Flashcards for kids are a tried and tested study aid. The old-fashioned 3" x 5" index card remains a staple in the academic world because they aid in memory retention.
Are flashcards a good way to study? You bet! Together, let's explore the best tips for creating flashcards, consider online flashcards, and check out a free printable to bring all your vocabulary flashcards to life today.
Flashcards have proven neurological benefits.
They engage our brains in active recall, which is proven to create strong connections between neurons.
The act of self-reflection tends to make memories last longer in your brain.
Flashcards also create an environment for confidence-based repetition. Students can minimize the gap between the concepts they're familiar with and the concepts they're struggling to remember.
Here are a few more benefits:
Flashcards are a quick and easy method of study.
They're also cheap and easy to create.
Flashcards can be easily gamified. This extends the solo studying experience into healthy competition among friends.
They encourage repetition which, again, commits new ideas to memory.
Flashcards also promote focus when studying.
The act of writing out each word or definition via flashcard alone will help commit certain ideas to memory. Also, the rote memorization of using them is beneficial for all the cognitive reasons listed above.
Here are more tips on how to create a set of your own:
Integrate pictures and words on your cards. For example, if you're practicing vocabulary words in another language, sketch a little umbrella next to the translated word. This will turn sight words flashcards into easy opportunities for quick recall.
Only cover one topic per card. Whether you're quizzing yourself with full blown questions and answers or testing yourself on basic definitions, be sure to outline just one topic per card.
Break apart complex topics across multiple cards. This is a kind of reinforcement to the last tip. Say you're using flashcards to study a complex scientific concept. If ever you feel as though you're cramming a lot of words onto one card, see where you can break it apart into smaller concepts.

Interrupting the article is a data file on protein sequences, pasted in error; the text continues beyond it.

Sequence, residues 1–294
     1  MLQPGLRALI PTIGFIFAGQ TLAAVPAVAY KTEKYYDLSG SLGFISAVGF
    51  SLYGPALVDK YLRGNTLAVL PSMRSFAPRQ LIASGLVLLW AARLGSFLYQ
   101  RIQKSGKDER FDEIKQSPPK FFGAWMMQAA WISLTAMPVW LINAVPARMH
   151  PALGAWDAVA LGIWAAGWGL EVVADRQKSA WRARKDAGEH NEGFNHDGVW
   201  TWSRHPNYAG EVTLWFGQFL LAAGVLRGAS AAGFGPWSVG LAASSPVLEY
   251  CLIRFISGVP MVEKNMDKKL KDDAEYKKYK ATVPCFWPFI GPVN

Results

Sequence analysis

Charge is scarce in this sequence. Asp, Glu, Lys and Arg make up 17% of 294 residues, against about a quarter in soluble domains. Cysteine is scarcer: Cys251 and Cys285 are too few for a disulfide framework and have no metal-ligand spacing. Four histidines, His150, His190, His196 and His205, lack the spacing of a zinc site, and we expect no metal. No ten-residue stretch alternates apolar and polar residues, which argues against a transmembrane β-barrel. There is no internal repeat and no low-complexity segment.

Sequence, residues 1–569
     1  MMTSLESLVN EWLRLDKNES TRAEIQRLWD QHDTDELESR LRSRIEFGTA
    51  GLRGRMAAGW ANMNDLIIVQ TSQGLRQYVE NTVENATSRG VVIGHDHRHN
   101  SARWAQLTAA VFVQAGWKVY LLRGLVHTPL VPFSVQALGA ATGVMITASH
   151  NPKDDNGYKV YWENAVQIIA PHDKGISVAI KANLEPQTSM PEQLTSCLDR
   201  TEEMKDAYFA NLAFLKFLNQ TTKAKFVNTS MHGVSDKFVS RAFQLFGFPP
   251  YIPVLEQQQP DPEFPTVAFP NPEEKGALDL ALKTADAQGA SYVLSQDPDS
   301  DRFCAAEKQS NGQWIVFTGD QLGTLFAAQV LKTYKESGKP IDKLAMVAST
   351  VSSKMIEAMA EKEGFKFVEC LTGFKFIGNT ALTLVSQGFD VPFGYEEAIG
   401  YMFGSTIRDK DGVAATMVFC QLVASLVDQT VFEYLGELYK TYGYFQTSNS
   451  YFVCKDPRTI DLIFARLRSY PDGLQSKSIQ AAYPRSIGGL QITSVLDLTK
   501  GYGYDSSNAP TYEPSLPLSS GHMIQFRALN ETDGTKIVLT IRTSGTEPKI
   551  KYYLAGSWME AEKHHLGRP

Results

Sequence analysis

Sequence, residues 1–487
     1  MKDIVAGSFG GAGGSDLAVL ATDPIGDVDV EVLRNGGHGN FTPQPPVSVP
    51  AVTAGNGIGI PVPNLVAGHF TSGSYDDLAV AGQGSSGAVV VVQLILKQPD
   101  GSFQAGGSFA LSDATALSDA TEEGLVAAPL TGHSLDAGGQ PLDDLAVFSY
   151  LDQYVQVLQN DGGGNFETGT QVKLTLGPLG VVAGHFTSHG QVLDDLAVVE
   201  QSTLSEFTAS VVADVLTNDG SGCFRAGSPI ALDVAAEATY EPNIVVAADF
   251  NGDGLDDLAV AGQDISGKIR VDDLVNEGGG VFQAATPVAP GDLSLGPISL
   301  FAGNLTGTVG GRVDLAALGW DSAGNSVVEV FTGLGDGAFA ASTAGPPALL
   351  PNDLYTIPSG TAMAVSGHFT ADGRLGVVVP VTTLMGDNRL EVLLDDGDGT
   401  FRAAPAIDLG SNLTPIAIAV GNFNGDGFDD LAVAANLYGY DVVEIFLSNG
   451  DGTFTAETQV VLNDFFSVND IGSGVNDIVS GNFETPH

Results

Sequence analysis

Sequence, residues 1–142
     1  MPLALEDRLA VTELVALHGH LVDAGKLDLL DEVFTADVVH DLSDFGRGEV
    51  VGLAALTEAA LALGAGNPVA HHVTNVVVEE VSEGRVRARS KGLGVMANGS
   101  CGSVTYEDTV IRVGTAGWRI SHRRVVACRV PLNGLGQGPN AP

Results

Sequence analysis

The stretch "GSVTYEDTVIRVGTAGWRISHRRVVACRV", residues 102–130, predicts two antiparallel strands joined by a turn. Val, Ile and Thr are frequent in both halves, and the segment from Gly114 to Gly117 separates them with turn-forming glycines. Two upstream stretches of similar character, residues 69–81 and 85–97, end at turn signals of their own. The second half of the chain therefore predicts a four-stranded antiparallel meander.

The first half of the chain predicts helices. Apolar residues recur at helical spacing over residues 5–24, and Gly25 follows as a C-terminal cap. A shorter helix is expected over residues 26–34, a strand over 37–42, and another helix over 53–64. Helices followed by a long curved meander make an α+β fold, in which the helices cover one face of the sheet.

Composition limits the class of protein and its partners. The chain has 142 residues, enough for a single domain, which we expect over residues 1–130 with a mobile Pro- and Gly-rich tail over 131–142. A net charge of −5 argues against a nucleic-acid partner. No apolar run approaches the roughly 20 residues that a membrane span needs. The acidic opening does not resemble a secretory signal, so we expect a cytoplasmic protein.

Read your cards aloud as you use them to study. Something about speaking your questions and answers aloud helps to commit the concepts to memory, similar to how the act of writing helps commit new ideas to memory.
Be repetitive. Since flashcards rely on repetition (and not context), be sure to use them in times when you can run through the stack multiple times. The more you quiz yourself with your flashcards, the greater the chance they'll help you be a success.
Create piles. As you go through your flashcards, place them into piles. It can be as basic as, "I know this one," "I don't know this one," and "I was a little uncertain on this one."
In a digital age where some people can't even find a pen on their desk, online flashcards are a great help. Millions of learners use them every day for a variety of reasons, from language learning to university coursework to studies of personal interest. And why not expand our memory banks while we wait in line at the DMV or the grocery store?
Online flashcards offer an exciting interactive component. Most databases allow you to connect with friends and share your flashcards too. There's no better feeling than being "in it together" when it's crunch time for a big exam.
Here are a few of our favorite online flashcard services:
Quizlet allows you to create simple cards, share with your friends, and search their archives for virtually any topic.
Cram also allows you to search for premade flashcards or create your own.
Brainscape is a wonderful alternative with a really smart app that makes studying on the go a breeze.
gFlash integrates with Google so you can create or download flashcards on an extensive list of subjects and languages.
Memrise offers over 200 courses to aid in the learning of new languages.
StudyBlue contains a library of over 350 million pieces of user-generated content on nearly any subject and countless languages. You can, of course, create your own cards, too.
VocabAhead is a fun way to learn, explaining over 1,000 difficult words with vocabulary videos and flash cards.
If you can prefer flipping through tangible index cards, don't worry. We've still got you covered! This printable sheet with a flashcard template can be used to handwrite your questions and answers. Again, that act of placing pen on paper does aid in the recall of new information.
Whether you're a student, teacher, or lifelong learner, pairing flashcards with other context-based learning will help you achieve your educational goals. Make them as colorful and creative as you like. Add images to online flashcards or use colored pens, highlighters, and drawings on handwritten cards.
Here at YourDictionary, we have a wealth of premade word lists. You can use them to write and study endless arrays of flashcards. You'll find everything from adjective lists to sets of commonly misspelled words to lists of Shakespearean words. Whatever your fancy, feel free to start writing and memorizing today!